There's a lot of fun stuff in Crank, but there are a lot of things I thought we didn't get right. And so Crank 2 is – one of my goals for it is I just wanted to get right a lot of stuff that we weren't able to pull off on the first one.

For example?

Well, the general look and feeling of the movie is the way I wanted Crank 1 to be, but we just didn't really have it yet. We were...I don't think we really knew how to impose our will on the studio. And things as ridiculous as just Amy Smart's hair and wardrobe. I thought the first movie was just very vanilla, and then in the second movie, we were able to just get her looking sexier, just grimier and dirtier, and cooler.

And just everything in the movie I wanted to feel grimy and sweaty, and just have more grit and attitude. So whereas certain things in the first movie – the first movie was pretty grimy, but there are certain things we just felt were too clean and too fake, too movie-like. So the idea of the tone in Crank 2 was let's go for super elevated, outrageous action, the things that are happening are completely absurd and elevated, but let's have the look really grounded and gritty, and see what that combination does. Because that's just the combination that felt right. All the things that were happening wanted to be super elevated and insane, but the look wants to be just like very gritty. And I just love that combo.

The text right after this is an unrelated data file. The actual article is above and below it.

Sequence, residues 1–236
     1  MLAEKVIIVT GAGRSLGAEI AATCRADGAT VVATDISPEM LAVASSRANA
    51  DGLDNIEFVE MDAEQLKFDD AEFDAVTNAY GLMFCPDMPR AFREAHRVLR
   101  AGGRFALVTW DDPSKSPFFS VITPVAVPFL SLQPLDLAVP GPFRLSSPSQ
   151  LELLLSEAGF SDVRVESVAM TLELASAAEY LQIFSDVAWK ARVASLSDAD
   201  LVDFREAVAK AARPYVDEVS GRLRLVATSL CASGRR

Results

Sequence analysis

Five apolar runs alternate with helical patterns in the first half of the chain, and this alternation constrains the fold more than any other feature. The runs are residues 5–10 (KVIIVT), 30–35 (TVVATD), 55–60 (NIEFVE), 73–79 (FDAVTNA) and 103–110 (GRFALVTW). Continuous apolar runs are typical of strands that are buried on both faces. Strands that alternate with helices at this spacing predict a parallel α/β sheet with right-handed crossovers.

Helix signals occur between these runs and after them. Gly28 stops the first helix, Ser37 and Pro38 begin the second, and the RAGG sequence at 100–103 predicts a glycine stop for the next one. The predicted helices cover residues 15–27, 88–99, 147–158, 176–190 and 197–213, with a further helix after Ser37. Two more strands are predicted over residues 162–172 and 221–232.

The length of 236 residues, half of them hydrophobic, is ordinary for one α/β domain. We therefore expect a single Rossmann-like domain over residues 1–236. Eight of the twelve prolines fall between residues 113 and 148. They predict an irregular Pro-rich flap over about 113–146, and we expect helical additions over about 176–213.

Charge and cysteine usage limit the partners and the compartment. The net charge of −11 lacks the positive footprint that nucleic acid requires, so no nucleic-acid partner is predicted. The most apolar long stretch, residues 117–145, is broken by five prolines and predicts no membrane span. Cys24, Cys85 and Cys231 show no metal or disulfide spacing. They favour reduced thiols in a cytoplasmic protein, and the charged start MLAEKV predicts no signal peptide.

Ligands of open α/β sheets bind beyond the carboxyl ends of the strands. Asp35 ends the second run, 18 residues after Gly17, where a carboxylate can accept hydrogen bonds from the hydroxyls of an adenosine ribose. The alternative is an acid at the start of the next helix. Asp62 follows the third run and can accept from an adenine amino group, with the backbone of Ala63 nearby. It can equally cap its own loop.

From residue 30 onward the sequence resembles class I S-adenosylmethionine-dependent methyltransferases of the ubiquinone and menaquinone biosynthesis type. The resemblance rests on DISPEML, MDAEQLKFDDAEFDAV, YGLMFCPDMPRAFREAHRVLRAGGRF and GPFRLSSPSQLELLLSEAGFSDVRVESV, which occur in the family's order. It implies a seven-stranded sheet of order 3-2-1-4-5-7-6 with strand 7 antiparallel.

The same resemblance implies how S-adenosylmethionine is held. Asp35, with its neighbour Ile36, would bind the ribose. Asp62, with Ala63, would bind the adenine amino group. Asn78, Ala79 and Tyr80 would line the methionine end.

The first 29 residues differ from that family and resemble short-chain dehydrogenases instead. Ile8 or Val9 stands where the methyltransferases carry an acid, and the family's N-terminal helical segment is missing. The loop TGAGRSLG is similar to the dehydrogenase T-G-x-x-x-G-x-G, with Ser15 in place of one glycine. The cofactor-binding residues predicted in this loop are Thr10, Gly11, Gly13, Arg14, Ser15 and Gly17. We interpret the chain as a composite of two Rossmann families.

It even came down to silly things like the stripper in the strip club who gets her silicon boobs shot out in the shootout. That was something we wanted to do in the first movie on the rooftop, and our special effects guys weren't good enough on that movie. They showed up with a rig that didn't work, and so we had to drop that. There was a lot of little things like that, we were like, "Man!" We left this on the table, like, "We've got to get it right in the second one."

How did you achieve that effect the second time around? 

We had better special effects guys. That's all. Sometimes physical rigs, again, another thing that was funny watching those movies is they were all pre-CGI almost. Obviously, there were tons of CGI in movies back then, but these days everything is CGI, you can just...you're out there shooting, any little thing that goes wrong, any little thing you want to add, any little thing that's not quite good enough, you're like, "Oh, it's fine, we'll just CGI it later."